Margins of Error
German Wheel is an especially interesting circus skill to learn for many reasons. Today’s blog will focus on one of particular interest: it’s blend of manipulation and gymnastics. When I describe German wheel, I will often use the work gymnastic. I have even called it a Gym(nastic) Wheel. There are many Gymnastic skills that directly translate into German wheel: i.e. a walking handstand is clearly a variation of a front walkover. The less immediately obvious element is that German wheel is a prop that must be manipulated, like a juggler. A German wheeler is not only responsible for contorting themselves inside the wheel, they also are responsible for moving the Wheel in the direction and speed that they desire. This duality not only makes for an exciting to watch apparatus, but for some unique training challenges as well.
With German Wheel, consistency is a skill unto itself. Anytime you are learning a new German Wheel trick, you are actually learning a set of tricks. First, you have to learn the skill in perfect conditions: The wheel is at the perfect height, the perfect speed, your body is in the perfect position, etc. But because you’re never coming to a trick under identical circumstances, you’re never doing identical tricks. There’s always going to be something that changes, so you learn how to make a trick work under a wide variety of circumstances. Sometimes you may need to push harder, twist faster/longer, or roll later. Every problem has at least 10 fixes, the key is finding the fix that works for you and to know what lock it fits into. The more comfortable you are using these keys, the more success you’ll have consistently executing the trick. Any trick you’re working on, especially in the early stages, is going to feel slightly different every time you do it. But the more you do it, the more comfortable you’ll feel with all the different variables at play in the element.
Jugglers are very familiar with this issue. When you’re first learning to pass clubs with a partner, you have a very narrow range of acceptable passes that you can catch while still maintaining your own juggling pattern. As you get more and more comfortable with juggling/passing, your range of acceptable catches becomes much wider, until it no longer matters. Eventually, you’ll be able to catch a club upside down, inside out, and still put it back into your own juggling pattern without skipping a beat. This takes time; there will be lots of drops and times when you mess up a pattern that you know you can do, because of something unfamiliar. This applies directly to German wheel. Suddenly because one little factor has changed, the trick you’ve done hundreds of times successfully, will feel foreign and become inconsistent all over again.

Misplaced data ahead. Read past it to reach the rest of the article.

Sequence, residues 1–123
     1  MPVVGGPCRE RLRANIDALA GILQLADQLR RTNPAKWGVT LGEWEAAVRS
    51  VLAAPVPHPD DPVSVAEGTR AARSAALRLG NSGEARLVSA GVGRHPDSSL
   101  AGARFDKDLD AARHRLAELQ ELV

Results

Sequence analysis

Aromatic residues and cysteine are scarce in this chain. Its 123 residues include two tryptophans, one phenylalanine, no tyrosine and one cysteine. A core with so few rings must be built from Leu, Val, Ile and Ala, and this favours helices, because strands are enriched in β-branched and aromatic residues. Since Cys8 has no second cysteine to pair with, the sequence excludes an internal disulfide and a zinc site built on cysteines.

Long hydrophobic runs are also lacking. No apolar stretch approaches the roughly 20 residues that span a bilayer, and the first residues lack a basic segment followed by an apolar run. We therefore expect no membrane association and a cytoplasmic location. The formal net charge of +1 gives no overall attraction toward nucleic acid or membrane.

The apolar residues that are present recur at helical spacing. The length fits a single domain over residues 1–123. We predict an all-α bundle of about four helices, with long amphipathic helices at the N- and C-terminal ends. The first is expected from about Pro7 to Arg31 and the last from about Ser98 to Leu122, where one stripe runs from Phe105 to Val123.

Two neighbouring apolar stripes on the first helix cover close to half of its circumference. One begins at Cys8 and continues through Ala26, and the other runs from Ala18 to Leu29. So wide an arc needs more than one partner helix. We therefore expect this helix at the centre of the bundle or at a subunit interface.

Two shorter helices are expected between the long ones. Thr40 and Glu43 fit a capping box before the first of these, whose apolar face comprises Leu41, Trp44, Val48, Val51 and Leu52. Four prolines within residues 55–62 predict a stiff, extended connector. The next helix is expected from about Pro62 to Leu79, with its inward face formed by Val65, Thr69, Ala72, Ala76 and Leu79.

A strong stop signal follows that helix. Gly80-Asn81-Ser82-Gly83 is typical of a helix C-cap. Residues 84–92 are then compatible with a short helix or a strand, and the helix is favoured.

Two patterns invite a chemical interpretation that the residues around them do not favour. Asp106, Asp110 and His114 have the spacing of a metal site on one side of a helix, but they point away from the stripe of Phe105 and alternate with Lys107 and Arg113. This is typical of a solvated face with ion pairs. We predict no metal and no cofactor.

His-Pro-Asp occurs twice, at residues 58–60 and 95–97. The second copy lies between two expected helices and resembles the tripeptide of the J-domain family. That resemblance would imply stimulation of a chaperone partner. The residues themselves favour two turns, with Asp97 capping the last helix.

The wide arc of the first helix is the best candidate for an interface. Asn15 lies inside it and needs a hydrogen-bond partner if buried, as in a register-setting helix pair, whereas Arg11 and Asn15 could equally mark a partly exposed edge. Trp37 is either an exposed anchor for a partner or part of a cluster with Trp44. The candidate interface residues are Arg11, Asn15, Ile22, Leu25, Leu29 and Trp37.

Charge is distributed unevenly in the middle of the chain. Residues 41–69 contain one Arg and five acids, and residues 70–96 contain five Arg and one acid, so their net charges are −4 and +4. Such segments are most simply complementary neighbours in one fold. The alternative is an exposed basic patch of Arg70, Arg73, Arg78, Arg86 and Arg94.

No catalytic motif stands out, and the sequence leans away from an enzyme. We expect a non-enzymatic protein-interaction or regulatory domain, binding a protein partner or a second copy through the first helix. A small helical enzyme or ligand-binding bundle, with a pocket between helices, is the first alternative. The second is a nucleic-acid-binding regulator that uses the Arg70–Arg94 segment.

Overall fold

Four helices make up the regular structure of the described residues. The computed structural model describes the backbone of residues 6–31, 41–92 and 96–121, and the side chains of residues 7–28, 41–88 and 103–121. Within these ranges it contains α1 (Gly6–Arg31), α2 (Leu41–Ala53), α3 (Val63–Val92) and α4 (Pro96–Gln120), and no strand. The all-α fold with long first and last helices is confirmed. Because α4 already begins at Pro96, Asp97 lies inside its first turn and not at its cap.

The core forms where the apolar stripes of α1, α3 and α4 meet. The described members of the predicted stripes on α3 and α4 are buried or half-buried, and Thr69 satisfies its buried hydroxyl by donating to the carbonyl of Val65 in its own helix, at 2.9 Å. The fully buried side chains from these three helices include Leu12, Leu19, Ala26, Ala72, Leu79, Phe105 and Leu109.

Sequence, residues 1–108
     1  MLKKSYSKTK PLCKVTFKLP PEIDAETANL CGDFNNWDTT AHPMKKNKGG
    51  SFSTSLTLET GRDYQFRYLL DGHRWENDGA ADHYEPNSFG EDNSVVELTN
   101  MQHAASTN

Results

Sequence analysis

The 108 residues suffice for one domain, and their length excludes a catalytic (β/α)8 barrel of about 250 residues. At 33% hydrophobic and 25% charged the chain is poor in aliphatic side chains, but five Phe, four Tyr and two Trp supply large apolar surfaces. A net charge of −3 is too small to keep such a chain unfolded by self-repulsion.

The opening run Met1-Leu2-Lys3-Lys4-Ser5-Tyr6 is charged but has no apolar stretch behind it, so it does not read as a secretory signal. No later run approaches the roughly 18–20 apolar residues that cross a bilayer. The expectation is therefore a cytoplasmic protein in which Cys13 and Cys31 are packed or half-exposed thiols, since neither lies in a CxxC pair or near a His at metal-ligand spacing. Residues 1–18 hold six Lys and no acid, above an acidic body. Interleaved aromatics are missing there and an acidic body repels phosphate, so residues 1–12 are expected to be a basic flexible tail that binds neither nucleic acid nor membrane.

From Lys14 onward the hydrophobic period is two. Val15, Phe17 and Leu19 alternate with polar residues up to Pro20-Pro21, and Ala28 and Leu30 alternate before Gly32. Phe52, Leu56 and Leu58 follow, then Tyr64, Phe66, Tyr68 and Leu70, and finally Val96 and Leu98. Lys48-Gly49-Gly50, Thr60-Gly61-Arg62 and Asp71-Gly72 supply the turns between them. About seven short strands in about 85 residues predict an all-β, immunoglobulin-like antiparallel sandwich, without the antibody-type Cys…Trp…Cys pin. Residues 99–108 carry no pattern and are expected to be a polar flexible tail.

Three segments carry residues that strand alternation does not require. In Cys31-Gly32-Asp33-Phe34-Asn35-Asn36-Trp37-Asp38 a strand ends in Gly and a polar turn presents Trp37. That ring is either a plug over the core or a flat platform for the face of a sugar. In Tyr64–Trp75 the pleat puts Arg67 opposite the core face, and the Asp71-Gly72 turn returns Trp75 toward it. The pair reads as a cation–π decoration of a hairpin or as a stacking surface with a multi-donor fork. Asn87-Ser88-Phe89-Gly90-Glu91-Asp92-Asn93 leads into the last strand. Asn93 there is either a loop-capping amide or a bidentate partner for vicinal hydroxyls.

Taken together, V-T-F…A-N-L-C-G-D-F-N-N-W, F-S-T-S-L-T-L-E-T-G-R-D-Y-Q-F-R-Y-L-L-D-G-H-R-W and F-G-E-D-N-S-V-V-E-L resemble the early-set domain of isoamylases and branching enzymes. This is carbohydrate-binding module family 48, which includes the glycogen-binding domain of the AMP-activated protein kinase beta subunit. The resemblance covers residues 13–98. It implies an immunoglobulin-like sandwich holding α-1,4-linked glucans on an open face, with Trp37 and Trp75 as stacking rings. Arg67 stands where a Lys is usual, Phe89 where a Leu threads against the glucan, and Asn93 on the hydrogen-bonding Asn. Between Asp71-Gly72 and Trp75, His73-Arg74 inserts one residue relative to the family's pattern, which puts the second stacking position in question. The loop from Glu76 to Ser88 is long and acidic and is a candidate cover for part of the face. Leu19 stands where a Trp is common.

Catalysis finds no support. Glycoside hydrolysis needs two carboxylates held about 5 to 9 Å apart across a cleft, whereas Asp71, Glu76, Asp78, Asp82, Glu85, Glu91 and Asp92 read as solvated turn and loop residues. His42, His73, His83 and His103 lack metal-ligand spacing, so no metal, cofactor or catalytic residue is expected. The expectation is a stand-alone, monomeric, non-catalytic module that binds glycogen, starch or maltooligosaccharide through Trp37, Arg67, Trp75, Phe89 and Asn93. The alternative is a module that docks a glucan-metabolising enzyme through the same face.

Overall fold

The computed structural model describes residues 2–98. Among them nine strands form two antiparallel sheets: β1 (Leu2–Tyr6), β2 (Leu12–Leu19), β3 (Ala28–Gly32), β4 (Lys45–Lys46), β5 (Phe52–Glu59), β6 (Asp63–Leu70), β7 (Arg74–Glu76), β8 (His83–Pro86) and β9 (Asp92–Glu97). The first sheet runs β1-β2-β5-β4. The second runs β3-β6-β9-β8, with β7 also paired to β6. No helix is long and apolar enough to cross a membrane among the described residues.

Story time 🙂 I was doing a show in Colorado, a four month run. At about month 3, in the middle of the week for no apparent reason, my knee hangs were just not working. I did ten before the show as a warm up, falling out of every single one of them. I couldn’t figure out why they weren’t working or what was going wrong, so I replaced the trick for the show that day, came back the next, and it was as if nothing had ever been wrong. They worked fine. So yeah, sometimes that happens too 🙂
Try not to let it throw you off your game and just accept that some days are gonna be shit. Enjoy the good times when they’re here, work hard in the tough times, but don’t be afraid to leave a trick for a day if it’s just feeling weird. You might just come back tomorrow and find everything working all over again.